The truth is I hate so much of what may be ahead. The size wars—it took me thirty years to not judge myself for my size ten feet or for knowing that I’ll never be below a size 28 in designer jeans and that in many stores, despite being skinny, they just don’t carry my size. I’m only just now ok with buying a size large shirt to accommodate my shoulders. The apologizing for every little thing? It’s maddening. The threat of assault, the doubt, the judgment. The focus on women aging and the sustained critiquing over whether or not you still have it. Being too vocal, too aggressive, dressing too this way or that way. It’s like a lifetime penance for playing with dolls, we’re treated like dolls—don’t dress like that, don’t say that, fit into a tidy model, you aren’t smart enough for that.
I am rambling, which I think is normal. I have three daughters to raise in a world that I am still trying to figure out myself. How do I teach them not to be overly concerned about image when it still matters to me? How do I give them license to love themselves, to enjoy feeling pretty or sloppy when I still berate myself for not being able to do certain things? Can it be taught to embrace all paths—boys who cry, boys who don’t, girls who are curvy and girls who are flat? Do I teach them what I’ve learned about scanning a room to know whether it’s safe to say a certain thing or not? Do I express my hope that they don’t grow up to start a massage parlor and salon in LA called The Jolly Fox or do I delight in the fact that they are imaginative and driven?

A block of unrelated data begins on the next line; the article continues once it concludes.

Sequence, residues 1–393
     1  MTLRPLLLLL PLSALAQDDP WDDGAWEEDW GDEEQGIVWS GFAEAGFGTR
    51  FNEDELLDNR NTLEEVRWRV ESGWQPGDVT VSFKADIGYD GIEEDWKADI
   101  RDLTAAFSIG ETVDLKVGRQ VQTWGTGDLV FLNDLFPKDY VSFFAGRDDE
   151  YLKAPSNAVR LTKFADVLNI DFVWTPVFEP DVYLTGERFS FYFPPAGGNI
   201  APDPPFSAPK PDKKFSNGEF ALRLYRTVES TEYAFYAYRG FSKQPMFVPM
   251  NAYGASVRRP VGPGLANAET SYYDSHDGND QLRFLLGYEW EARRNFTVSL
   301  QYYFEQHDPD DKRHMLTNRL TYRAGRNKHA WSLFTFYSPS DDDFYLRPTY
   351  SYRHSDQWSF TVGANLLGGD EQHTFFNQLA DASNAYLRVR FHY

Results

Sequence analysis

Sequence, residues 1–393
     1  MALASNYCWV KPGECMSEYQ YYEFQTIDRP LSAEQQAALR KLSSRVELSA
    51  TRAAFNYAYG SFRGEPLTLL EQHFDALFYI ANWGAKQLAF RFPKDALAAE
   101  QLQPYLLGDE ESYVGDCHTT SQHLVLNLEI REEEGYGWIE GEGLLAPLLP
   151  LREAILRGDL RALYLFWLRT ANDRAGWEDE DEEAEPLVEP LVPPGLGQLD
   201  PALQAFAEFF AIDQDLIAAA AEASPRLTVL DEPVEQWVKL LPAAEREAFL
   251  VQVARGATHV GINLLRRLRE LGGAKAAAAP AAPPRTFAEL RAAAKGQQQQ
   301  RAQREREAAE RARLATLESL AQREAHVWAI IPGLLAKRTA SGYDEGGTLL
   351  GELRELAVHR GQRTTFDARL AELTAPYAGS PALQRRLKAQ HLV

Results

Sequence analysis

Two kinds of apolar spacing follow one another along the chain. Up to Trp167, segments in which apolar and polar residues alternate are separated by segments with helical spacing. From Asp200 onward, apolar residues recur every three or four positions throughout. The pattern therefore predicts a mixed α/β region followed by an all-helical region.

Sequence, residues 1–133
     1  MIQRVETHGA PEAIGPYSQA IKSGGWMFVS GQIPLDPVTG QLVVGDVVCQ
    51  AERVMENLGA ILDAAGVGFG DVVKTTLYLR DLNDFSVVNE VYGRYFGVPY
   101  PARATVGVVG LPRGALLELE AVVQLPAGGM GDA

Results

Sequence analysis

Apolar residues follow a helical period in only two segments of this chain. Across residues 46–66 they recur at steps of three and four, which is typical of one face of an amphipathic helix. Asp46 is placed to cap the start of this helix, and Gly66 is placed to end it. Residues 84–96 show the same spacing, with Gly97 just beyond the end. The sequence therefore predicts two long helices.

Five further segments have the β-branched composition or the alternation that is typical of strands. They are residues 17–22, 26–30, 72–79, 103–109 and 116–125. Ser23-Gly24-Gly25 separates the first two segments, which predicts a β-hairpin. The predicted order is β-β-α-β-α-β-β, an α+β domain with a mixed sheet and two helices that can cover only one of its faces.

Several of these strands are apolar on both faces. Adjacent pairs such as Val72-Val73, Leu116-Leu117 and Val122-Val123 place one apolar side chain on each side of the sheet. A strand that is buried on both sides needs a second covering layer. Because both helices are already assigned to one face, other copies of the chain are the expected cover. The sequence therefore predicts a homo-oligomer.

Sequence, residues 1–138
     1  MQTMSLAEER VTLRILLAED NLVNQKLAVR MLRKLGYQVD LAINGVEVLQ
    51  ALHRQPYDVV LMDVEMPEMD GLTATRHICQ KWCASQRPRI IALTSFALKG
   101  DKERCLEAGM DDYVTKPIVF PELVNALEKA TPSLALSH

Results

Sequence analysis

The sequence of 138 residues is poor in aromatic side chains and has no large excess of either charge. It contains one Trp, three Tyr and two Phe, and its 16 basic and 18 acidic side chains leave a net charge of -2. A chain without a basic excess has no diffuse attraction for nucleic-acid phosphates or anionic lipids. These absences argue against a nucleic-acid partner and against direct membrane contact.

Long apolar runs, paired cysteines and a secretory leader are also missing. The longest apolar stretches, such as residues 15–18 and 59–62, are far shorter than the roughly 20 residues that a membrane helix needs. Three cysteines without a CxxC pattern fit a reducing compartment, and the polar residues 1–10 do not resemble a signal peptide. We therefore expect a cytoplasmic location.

I suppose that we all just have to take it day by day and allow ourselves the same forgiveness as we too experiment with boundaries. Maybe the secret is honoring a five second delay before I launch into my opinion on something.
Waiting a moment before judging can’t be a bad thing for anyone, right?
Tagged: #IStandWithJada, #likeagirl, #shinestrong, acceptance, body shame, Confidence, daughters, feminism, J.Crew, tweens
I think the five second delay is a very good thing. I need to employ it a bit more.
Yes, a good safety measure 🙂